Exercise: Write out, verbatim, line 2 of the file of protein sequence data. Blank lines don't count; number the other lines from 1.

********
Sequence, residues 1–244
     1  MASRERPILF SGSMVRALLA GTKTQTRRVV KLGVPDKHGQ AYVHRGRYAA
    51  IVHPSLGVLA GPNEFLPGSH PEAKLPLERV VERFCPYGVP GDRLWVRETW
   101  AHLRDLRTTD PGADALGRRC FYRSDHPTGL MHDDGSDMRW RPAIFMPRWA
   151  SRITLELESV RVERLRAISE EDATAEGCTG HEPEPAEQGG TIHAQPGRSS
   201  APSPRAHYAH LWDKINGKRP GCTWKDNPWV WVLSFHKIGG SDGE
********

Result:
     1  MASRERPILF SGSMVRALLA GTKTQTRRVV KLGVPDKHGQ AYVHRGRYAA